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‘Trump stocks’ have significantly lagged the U.S. market since 2016 — while ‘Clinton stocks’ have soared

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Take with a grain of salt any forecast about which stocks will do well if Joe Biden wins the U.S. presidency. To be sure, these forecasts can make for interesting reading, but to paraphrase a quotation from Warren Buffett, their only value is to make fortune tellers look good.

Consider what happened four years ago when analysts were trying to guess which stocks would do well during a Clinton administration and which under a Trump administration. They couldn’t have been more wrong.

From two different websites at the time I collected 25 stocks that would supposedly thrive if Clinton were elected and 23 stocks to bet on in anticipation of a Trump victory. I calculated these stocks’ return from their closing prices on 2016’s Election Day (until Oct. 1, 2020). The chart below tells the embarrassing story of the data:

Stocks that were supposed to thrive in a Trump administration have significantly lagged the overall U.S. market, on average. One website’s “Trump stocks” gained an average of 41% over the nearly four-year period to October 1 of this year, and the other website’s group gained 45%. Meanwhile, the S&P 500
SPX,
-1.63%

  rose 71% (returns are cumulative, not annualized, and include dividends).

Over the same period, “Clinton stocks” soared, on average. One website’s Clinton stocks gained an average of 184%; in the case of the other, 236%.

Perhaps the biggest error came in predicting how the stock market would react to a Trump victory. Two weeks before the 2016 election, CNN reported that “if Donald Trump wins the election, U.S. stocks… will almost certainly tank.” The network reported that one Wall Street firm was forecasting an 8% drop in that event; a major think-tank predicted a 10% to 15% drop.

In reality, the stock market soared following Trump’s victory. The Dow Jones Industrial Average
DJIA,
-1.43%

 gained 1.4% on the day after Election Day and has kept going up from there.

Predictions are difficult — especially about the future

Though the error of these forecasts from four years ago is extreme, they are not unique in being wide of the mark. When analyzing the stock market’s returns over the past century during Democratic and Republican presidencies, historians have struggled to find statistically significance differences.

As has been widely reported, the stock market has produced modestly superior average gains during Democratic than Republican presidencies. But even this difference appears to be the consequence of a statistical and methodological flaw.

Part of the problem is the same one all forecasters face: predicting is difficult, as they say — especially about the future.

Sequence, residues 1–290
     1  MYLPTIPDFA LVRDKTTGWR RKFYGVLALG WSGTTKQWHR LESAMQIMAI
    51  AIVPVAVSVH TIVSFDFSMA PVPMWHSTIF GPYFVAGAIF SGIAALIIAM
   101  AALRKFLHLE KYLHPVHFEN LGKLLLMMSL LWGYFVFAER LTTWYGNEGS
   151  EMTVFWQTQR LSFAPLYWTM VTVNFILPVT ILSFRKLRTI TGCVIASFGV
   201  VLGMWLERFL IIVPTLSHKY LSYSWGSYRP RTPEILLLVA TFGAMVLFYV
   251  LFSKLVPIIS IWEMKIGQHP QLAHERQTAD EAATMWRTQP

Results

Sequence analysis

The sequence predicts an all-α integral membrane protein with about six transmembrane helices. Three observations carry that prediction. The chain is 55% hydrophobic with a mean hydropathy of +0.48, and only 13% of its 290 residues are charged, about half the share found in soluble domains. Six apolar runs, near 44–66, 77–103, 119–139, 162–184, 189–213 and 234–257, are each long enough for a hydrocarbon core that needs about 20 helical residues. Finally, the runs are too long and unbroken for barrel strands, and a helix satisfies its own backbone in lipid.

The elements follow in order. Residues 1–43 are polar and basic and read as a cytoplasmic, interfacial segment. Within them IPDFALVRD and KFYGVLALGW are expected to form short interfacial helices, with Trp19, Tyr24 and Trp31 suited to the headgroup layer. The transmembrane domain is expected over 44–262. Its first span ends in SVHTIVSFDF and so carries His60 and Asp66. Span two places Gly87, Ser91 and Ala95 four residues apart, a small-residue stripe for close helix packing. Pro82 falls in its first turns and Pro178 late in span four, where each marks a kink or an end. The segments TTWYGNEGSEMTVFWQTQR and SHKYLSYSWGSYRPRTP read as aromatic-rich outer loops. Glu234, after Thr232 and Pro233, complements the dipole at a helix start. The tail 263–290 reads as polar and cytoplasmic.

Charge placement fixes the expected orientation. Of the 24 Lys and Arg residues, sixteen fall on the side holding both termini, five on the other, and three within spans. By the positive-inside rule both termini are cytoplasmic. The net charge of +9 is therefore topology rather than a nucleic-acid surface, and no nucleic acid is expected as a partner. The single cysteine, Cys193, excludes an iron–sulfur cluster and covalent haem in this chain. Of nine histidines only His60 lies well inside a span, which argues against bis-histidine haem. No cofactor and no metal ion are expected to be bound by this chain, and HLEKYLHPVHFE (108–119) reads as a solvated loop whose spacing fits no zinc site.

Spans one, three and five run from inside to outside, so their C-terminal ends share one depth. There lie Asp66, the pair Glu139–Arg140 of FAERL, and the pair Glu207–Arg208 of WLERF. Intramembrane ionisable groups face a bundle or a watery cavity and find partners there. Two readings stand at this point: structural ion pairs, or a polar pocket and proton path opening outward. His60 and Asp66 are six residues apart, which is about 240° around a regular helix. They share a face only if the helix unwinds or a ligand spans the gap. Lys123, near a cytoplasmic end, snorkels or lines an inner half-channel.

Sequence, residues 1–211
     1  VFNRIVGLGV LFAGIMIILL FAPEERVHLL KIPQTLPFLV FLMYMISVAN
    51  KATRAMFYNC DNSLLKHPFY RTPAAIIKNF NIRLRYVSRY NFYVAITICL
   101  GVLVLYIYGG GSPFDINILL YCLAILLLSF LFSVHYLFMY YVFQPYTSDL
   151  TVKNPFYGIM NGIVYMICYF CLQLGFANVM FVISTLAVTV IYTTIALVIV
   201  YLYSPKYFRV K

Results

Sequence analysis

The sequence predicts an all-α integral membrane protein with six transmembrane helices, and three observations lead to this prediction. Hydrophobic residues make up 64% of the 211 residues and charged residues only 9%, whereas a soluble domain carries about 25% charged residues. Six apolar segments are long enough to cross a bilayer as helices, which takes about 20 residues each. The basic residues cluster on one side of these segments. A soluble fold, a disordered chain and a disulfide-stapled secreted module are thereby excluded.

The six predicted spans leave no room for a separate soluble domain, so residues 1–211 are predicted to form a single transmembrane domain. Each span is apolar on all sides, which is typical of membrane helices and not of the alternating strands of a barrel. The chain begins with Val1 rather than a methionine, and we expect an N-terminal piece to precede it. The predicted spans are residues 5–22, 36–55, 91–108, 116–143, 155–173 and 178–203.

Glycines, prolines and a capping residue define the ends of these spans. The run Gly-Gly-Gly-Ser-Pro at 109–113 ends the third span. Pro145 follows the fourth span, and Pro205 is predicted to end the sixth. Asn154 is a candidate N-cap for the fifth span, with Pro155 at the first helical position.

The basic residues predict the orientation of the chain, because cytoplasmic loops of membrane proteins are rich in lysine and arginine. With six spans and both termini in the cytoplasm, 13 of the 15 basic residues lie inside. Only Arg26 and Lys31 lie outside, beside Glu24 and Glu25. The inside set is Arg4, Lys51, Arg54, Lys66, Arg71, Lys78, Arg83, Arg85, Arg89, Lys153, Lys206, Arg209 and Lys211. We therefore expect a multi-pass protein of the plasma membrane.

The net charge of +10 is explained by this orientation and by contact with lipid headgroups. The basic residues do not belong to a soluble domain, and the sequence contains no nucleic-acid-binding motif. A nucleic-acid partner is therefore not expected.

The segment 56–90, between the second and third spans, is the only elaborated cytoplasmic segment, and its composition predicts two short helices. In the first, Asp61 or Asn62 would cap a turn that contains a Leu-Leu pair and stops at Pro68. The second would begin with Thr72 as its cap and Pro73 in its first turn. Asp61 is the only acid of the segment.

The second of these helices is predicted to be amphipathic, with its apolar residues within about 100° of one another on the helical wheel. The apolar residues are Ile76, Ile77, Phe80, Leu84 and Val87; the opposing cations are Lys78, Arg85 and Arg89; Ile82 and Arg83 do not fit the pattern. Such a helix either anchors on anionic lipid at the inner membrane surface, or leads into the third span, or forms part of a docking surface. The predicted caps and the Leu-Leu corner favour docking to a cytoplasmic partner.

For example, it made perfect sense four years ago that a Trump presidency would be good for coal companies. Candidate Trump had promised that he would reopen coal mines in Appalachia that were closed. Yet the coal company that was on one of the lists of Trump stocks — CNX Resources
CNX,
-0.88%

  (formerly Consolidated Energy) — has lost 34% since the day Trump was elected to October 1 of this year.

Likewise, it was entirely plausible that a Trump presidency would be good for the oil industry. But shares of Exxon Mobil
XOM,
-1.99%

 , also on Trump stock lists in 2016, lost 54% since the day Trump was elected.

Forecasting’s inherent difficulty is only part of the problem. Forecasters have an even bigger challenge when it comes to predicting the market’s reactions to the political parties: those parties’ economic policies are not consistent over time. Over the past 150 years, for example, there have been times when the Democratic Party was the party of limited government and other times when the Republican Party was. Similar flip-flops of the two parties have been the case when it comes to free trade and protectionism.

Indeed, according to some political historians, on every major issue there have been times in U.S. history when the Democratic Party was in favor and the Republican Party opposed, and other times when it was just the reverse. No wonder that forecasters have such difficulty predicting how a president from one party or the other will impact the stock market.

So think hard before acting on the forecasts of which stocks will perform best in a Biden or Trump presidency.

Mark Hulbert is a regular contributor to MarketWatch. His Hulbert Ratings tracks investment newsletters that pay a flat fee to be audited. He can be reached at mark@hulbertratings.com.

More:These are the ETFs to help you prepare for a Biden presidency

Plus: Here are stocks that stand to benefit under different U.S. election outcomes



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‘I could live on my Social Security and still save money’: This 66-year-old left Chicago for ‘calming’ Costa Rica — where he now plans to live indefinitely

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Editor’s note: This article was first published in September 2019.

A school break changed 66-year-old Martin Farber’s life forever.

In 2007, his daughter — who at the time was attending Illinois State University — decided she wanted to spend a college holiday volunteering in Costa Rica and staying with a local family, he explains. She came home raving about the experience, so, in 2008, Farber — who at the time was living in Evanston, Ill., just outside Chicago, and selling cars — took his first trip there.

“It was a big surprise to me — bumpy roads, dogs barking in the streets,” he says. “I wasn’t enamored at first.”

But as his daughter began traveling there more and eventually moved there for a year, he took additional trips to Costa Rica. It quickly grew on him — in particular, the people. “The Costa Rican people are warm, open and friendly. I felt less invisible in a strange country in a strange town where I didn’t speak the language than I did in Evanston.”